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Cardinal Thomas Collins, the Archbishop of Toronto, delivers a statement on physician-assisted death while presiding over mass at St. Paul's Basilica in Toronto on Sunday, March 6, 2016. (Peter Power/THE CANADIAN PRESS)
Cardinal Thomas Collins, the Archbishop of Toronto, delivers a statement on physician-assisted death while presiding over mass at St. Paul's Basilica in Toronto on Sunday, March 6, 2016. (Peter Power/THE CANADIAN PRESS)

Canada’s largest Catholic archdiocese mobilizing against assisted-dying law Add to ...

Canada’s largest Catholic archdiocese is mobilizing its members to pressure federal politicians tasked with shaping new doctor-assisted dying legislation by June to protect vulnerable groups and to exempt doctors, nurses and Catholic hospitals from having to provide those services because it goes against their religious beliefs.

Cardinal Thomas Collins, the Archbishop of Toronto, used a sermon on Sunday at St. Paul’s Basilica in downtown Toronto to argue that forcing Catholic doctors to refer patients to medically assisted dying services was a “violation of conscience” and amounted to religious discrimination.

The same message was shared through videotaped or written statements distributed to the congregations of 225 churches that attended Sunday mass in an area that includes Toronto, vast stretches of the suburban 905 region from Mississauga to Oshawa, and north to Georgian Bay. The archdiocese is home to almost two million Catholics.

“It is unjust to force people to act against their conscience in order to be allowed to practise as a physician or, in the case of a health-care facility, in order to qualify for government funding. It is not tolerant of religious diversity,” Cardinal Collins said in a statement.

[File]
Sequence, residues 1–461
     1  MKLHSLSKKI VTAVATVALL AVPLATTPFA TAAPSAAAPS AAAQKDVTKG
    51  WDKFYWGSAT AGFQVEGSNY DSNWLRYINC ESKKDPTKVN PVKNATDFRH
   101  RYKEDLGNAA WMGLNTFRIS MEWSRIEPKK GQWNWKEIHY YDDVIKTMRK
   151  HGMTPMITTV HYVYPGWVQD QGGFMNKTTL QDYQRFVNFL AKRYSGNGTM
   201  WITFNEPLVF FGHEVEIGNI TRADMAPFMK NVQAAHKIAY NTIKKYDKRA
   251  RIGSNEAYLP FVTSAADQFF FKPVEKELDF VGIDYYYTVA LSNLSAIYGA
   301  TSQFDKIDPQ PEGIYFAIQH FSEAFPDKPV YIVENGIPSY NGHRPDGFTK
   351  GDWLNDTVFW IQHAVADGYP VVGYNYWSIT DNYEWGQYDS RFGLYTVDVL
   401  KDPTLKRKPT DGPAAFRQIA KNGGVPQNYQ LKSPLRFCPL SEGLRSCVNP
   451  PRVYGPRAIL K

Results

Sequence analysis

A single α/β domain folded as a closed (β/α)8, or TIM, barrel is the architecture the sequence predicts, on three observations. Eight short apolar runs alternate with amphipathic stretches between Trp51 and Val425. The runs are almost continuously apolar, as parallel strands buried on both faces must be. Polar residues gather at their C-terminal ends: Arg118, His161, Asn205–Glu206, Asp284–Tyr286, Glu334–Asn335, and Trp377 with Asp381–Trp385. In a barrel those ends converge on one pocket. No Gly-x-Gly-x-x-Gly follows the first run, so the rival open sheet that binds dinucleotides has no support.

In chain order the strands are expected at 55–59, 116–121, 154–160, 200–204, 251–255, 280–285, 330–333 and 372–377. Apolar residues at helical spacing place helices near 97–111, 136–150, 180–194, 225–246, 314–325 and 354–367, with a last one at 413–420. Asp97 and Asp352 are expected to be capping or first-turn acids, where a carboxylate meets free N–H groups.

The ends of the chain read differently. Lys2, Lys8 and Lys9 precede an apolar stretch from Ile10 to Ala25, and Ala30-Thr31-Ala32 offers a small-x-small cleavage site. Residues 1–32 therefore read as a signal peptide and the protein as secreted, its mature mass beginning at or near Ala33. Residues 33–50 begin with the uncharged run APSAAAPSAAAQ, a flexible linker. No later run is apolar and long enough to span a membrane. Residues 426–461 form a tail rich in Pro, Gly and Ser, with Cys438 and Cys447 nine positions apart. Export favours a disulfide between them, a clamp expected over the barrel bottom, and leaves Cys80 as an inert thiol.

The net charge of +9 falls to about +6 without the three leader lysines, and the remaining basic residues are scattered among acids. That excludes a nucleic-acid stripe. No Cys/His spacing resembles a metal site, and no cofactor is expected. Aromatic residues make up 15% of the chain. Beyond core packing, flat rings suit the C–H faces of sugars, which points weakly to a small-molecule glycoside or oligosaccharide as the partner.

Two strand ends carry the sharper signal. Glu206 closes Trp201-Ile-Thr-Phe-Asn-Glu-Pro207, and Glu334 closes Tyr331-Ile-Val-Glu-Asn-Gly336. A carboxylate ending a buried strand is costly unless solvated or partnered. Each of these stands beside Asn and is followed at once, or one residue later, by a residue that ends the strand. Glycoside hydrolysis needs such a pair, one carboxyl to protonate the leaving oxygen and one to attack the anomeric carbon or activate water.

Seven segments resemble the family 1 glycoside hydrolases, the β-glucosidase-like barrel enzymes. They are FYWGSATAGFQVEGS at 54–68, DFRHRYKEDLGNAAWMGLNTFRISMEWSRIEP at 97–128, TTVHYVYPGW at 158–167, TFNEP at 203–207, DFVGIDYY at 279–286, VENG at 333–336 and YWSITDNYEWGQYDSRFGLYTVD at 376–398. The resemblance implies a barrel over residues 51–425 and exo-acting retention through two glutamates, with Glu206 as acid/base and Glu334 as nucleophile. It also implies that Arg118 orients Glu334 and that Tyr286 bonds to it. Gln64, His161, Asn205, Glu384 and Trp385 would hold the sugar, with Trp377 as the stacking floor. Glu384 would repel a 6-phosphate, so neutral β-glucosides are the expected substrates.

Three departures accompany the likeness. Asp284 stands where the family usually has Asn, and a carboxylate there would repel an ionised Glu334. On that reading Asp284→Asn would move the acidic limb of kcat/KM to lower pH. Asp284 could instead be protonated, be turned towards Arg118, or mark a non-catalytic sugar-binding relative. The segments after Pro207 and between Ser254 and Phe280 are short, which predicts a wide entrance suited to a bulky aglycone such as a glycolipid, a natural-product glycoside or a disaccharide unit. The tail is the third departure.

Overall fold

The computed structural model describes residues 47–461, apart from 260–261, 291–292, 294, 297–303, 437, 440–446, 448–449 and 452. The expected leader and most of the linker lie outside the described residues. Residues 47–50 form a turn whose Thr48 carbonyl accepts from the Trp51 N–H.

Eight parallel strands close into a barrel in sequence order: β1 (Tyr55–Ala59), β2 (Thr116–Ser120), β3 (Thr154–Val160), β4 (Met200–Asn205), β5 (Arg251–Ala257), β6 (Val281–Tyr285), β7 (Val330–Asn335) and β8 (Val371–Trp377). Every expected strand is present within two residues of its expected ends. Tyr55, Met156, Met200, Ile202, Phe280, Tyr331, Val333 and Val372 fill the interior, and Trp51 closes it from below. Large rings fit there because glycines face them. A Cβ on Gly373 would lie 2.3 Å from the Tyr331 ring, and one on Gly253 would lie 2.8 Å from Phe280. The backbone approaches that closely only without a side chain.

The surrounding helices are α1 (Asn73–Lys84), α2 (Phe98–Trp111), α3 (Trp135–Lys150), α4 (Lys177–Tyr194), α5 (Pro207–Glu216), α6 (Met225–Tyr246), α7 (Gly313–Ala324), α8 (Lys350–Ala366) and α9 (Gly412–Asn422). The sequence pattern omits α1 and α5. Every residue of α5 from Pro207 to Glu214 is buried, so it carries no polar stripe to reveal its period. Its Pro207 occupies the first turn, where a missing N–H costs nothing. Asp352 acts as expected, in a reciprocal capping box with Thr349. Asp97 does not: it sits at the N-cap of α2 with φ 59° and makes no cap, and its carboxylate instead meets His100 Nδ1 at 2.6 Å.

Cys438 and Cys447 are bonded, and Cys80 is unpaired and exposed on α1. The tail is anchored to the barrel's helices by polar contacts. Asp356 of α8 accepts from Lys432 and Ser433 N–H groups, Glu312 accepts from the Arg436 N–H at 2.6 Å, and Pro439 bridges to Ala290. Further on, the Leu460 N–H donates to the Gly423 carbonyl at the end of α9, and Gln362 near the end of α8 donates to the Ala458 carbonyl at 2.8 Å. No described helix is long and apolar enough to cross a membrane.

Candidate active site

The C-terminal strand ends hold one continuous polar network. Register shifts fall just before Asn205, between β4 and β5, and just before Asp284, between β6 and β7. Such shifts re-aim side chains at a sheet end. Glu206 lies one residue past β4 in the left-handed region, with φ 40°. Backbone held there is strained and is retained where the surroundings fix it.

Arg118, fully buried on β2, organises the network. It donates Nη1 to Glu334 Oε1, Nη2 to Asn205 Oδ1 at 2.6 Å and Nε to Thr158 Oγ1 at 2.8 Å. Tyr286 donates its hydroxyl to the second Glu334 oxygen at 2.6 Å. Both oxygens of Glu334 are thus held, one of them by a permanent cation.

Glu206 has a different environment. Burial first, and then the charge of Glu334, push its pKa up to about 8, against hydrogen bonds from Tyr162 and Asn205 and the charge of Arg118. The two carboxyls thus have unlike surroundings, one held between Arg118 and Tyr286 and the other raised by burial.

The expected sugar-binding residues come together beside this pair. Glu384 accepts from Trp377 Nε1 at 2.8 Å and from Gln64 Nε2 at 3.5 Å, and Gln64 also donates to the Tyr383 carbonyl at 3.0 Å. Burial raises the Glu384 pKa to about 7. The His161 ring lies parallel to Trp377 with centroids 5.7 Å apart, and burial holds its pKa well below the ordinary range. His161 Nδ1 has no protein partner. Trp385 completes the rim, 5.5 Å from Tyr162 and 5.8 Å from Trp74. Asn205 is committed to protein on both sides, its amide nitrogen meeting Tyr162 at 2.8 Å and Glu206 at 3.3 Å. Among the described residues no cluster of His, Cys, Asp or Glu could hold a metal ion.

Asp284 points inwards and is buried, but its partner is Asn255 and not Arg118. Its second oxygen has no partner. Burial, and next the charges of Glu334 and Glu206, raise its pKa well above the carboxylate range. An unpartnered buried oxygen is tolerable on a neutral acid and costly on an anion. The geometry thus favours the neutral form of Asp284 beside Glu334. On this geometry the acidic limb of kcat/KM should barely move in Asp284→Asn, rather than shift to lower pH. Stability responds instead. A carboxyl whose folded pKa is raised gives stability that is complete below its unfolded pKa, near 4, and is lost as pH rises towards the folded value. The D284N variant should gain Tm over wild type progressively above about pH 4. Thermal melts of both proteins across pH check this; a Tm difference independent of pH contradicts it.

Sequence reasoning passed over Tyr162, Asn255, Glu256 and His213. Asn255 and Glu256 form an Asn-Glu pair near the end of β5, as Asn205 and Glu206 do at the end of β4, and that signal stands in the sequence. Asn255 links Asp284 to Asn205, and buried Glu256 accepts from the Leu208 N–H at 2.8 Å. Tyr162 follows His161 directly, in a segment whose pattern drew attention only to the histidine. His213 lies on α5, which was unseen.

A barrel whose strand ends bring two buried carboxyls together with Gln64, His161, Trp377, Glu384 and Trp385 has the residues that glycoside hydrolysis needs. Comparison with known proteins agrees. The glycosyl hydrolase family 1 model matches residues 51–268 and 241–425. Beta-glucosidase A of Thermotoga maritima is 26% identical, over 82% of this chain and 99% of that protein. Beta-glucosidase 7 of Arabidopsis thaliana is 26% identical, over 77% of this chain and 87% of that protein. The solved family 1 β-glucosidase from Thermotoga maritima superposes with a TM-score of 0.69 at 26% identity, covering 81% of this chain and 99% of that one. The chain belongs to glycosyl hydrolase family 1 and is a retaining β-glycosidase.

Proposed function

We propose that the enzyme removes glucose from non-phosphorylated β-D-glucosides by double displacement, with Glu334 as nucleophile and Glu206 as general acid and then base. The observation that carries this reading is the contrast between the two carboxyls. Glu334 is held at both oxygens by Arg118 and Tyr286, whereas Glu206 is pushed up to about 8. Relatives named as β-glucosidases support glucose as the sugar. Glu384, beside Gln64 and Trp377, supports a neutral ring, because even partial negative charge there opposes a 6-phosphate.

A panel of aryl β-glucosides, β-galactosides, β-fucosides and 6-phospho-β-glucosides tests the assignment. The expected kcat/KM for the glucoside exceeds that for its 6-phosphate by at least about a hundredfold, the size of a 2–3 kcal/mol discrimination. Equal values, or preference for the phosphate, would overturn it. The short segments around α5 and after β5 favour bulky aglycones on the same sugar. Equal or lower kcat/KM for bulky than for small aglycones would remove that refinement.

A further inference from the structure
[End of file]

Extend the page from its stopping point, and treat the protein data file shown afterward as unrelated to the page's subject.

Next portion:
A comprehensive medically assisted dying law is on its way. The Supreme Court of Canada is giving the federal government until June to draft new legislation after the court struck down a ban just over a year ago. The scope of the new law and which groups will be affected is still being decided. In the meantime, those seeking an assisted death must get permission from a superior court.

The message that Catholic parishioners are being encouraged to deliver to politicians is two-fold: protect vulnerable groups under Canada’s new law, and ensure that medical professionals who object to doctor-assisted dying on moral and religious grounds are exempt from providing those services.

In part, what has forced Catholic groups into action is a joint parliamentary committee report released last month that made 21 recommendations, such as not excluding “mature minors” and those living with mental illness from doctor-assisted dying.

“They [the recommendations] should shock us to the core, especially if we believe, complacently and incorrectly, that the change in the law will affect only a few people with grave physical illness, who have lived a long life, and are near death,” Cardinal Collins said.

The archbishop is calling on those concerned about the law to write to their member of Parliament through a website set up by the Coalition for HealthCARE and Conscience, which includes several Catholic groups and claims to have the backing of more than 5,000 Canadian doctors.

At a packed Sunday morning mass at St. Mary’s Church, the full text of the archbishop’s statement was placed at the back of the church for parishioners to pick up on their way out.

Churchgoer Therese McGuirk said she planned on contacting her MP, adding she felt that doctors and nurses should be allowed to follow their conscience. “Otherwise, it’s one viewpoint forced on a whole society,” she said.

She said she found the parliamentary recommendations concerning minors and those living with a mental illness “abhorrent.”

Ms. McGuirk said she worried that the law would give young people “too easy a way out.”

“How many depressed 16- or 17- or 18-year-olds are out there?” she said. Other attendees at the Toronto church seemed unaware of the brewing debate.

Zvonimir Cicvaric said he could understand an individual experiencing insufferable pain and wishing for a way to end it through doctor-assisted death.

“I can see that side of the argument. On the other hand, it is suicide,” he said. He added that he did not feel strongly enough about the issue to contact his MP.

A Forum Research poll from last August found that 77 per cent of those surveyed supported doctor-assisted dying in terminally ill cases. The joint parliamentary committee recommended last month that the new law also include cases of prolonged and intolerable suffering because of non-terminal grievous and irremediable medical conditions.

 

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